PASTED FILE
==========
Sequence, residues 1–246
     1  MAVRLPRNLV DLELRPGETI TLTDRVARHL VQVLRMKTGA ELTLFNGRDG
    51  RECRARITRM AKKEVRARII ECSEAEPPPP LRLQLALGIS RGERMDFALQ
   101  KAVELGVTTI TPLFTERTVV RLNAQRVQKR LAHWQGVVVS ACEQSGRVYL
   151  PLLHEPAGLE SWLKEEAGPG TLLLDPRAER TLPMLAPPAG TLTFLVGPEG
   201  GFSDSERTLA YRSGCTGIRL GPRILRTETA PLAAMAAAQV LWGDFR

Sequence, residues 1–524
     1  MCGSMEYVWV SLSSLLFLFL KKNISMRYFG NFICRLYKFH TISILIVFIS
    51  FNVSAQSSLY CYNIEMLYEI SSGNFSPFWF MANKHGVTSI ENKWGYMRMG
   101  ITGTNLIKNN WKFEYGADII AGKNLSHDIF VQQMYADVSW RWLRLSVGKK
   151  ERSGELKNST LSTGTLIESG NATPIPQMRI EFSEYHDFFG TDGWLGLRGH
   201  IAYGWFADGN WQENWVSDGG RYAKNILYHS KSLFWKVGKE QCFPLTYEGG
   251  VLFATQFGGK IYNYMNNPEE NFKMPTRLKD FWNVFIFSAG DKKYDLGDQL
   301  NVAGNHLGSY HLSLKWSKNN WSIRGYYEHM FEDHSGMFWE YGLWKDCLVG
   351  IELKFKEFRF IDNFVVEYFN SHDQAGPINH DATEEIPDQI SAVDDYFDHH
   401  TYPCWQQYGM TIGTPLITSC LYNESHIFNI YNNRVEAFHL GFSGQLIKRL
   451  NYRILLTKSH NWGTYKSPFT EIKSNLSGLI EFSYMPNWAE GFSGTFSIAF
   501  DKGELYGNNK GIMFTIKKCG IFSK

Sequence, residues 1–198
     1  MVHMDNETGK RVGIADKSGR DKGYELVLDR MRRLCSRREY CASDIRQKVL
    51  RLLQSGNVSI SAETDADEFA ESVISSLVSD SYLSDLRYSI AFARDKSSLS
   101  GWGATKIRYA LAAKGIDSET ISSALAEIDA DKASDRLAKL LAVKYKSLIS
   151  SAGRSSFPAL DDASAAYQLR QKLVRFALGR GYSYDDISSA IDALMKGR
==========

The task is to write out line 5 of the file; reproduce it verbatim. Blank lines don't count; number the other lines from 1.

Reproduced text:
   151  PLLHEPAGLE SWLKEEAGPG TLLLDPRAER TLPMLAPPAG TLTFLVGPEG